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Adnoc doubles carbon capture target to 10m tonnes

Adnoc carbon capture Abu Dhabi Media Office
The increased carbon capture target was announced by Adnoc’s executive committee, which is chaired by Crown Prince Sheikh Khaled bin Mohamed Al Nahyan
  • Operations produce 24m tonnes a year
  • Occidental helping to evaluate potential
  • $15bn being invested in decarbonisation

Adnoc, the UAE’s biggest oil producer, plans to capture 10 million tonnes of carbon dioxide emissions annually by 2030, up from a previous target of 5 million tonnes.

The announcement was made on Sunday, ahead of Adnoc hosting its main annual oil conference, Adipec, this week as the country prepares to host the UN Cop28 summit in November and December this year. 

Adnoc’s executive committee, chaired by Crown Prince Sheikh Khaled bin Mohamed Al Nahyan, approved the plan as part of the company’s strategy to have net zero emissions from its own operations by 2045.

The company produces 24 million tonnes of CO2 annually at its own upstream oil and gas production operations. 

Adnoc on September 6 approved a new carbon capture, utilisation and storage (CCUS) project that will triple its annual carbon capture capacity.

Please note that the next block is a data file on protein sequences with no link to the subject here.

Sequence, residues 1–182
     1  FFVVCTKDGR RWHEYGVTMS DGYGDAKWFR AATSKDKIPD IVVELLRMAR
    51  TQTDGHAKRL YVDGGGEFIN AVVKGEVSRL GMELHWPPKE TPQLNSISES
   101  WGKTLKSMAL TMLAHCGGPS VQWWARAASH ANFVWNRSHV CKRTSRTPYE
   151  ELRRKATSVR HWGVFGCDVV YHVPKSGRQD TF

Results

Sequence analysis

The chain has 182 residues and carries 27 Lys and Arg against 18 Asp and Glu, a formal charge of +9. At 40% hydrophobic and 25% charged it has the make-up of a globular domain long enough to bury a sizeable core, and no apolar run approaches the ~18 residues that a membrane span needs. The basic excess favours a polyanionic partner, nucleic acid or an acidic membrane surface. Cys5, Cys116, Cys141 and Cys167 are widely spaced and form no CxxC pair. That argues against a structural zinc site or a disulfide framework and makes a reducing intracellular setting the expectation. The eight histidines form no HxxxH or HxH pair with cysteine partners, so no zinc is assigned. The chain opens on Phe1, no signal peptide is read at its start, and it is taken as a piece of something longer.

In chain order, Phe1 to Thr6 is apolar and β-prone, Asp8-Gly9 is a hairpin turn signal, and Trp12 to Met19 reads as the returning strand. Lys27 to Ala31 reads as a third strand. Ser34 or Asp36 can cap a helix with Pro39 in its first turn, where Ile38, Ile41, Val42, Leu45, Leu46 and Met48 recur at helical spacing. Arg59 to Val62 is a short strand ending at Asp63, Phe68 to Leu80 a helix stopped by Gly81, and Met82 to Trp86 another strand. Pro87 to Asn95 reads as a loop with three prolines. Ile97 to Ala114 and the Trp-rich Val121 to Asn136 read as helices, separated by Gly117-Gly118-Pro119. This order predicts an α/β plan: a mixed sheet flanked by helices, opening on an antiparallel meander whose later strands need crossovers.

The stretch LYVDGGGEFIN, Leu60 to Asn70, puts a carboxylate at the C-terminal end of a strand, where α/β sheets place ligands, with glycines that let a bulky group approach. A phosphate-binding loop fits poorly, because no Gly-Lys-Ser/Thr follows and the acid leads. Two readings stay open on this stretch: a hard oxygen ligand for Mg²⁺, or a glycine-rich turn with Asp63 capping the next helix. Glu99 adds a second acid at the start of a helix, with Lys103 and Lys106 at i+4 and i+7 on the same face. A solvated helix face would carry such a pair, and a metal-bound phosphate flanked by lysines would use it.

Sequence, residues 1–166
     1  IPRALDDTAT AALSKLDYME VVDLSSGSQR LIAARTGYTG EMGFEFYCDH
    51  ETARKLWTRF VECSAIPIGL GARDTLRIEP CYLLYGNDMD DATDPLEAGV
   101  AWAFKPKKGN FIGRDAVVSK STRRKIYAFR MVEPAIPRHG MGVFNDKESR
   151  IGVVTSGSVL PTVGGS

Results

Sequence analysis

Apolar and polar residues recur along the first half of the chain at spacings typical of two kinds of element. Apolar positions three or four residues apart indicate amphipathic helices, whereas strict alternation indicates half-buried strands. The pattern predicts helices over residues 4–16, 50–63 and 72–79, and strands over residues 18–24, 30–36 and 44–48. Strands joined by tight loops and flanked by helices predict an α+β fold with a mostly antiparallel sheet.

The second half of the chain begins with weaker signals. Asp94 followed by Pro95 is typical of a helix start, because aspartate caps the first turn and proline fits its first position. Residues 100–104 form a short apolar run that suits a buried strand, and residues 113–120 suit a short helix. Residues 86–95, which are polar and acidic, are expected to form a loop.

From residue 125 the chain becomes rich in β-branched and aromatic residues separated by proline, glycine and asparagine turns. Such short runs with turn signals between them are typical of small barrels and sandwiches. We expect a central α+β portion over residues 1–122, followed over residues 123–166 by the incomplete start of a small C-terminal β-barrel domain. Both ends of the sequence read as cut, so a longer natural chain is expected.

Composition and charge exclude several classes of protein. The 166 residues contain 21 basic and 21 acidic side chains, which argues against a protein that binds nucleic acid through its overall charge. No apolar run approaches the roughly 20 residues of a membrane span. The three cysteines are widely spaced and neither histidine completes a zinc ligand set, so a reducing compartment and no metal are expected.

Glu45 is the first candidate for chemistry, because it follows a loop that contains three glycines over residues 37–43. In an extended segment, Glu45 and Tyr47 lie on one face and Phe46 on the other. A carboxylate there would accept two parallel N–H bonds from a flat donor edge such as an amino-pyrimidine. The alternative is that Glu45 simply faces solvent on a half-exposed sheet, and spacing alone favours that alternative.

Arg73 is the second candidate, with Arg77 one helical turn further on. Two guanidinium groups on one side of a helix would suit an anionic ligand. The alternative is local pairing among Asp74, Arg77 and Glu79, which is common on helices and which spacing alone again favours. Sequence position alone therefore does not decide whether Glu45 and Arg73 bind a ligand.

The project at its Habshan gas processing plant will be able to permanently store 1.5 million tonnes a year (mpta) of CO2 in subterranean rock below the site.

On completion, it will become the second-largest carbon capture project in the Gulf. The largest is at a Qatar Gas liquefaction plant. Habshan will triple Adnoc’s carbon capture capacity to 2.3 mtpa, which is the equivalent of removing 500,000 petrol-powered cars from the road each year.

The company’s long-standing target is to increase this to 5 mtpa by 2030, which it says will provide the same amount of carbon capture as a forest twice the size of the UAE.

Adnoc and US oil company Occidental on August 1 signed a “strategic collaboration agreement” to evaluate potential investments in carbon capture and storage hubs in the UAE and the US.

The Abu Dhabi company plans to invest an initial $15 billion in decarbonisation projects.

CCUS attempts to find uses for the captured carbon rather than simply storing it.

Saudi Arabia aims to raise its CCUS capacity to 44 mtpa by 2035, according to a May 2023 report by The King Abdullah Petroleum Studies and Research Center.

The broader Middle East is home to nearly 5 percent of announced CCUS projects worldwide and is ranked fifth in terms of planned and operational CCUS facilities, according to a report by energy consultancy Rystad.

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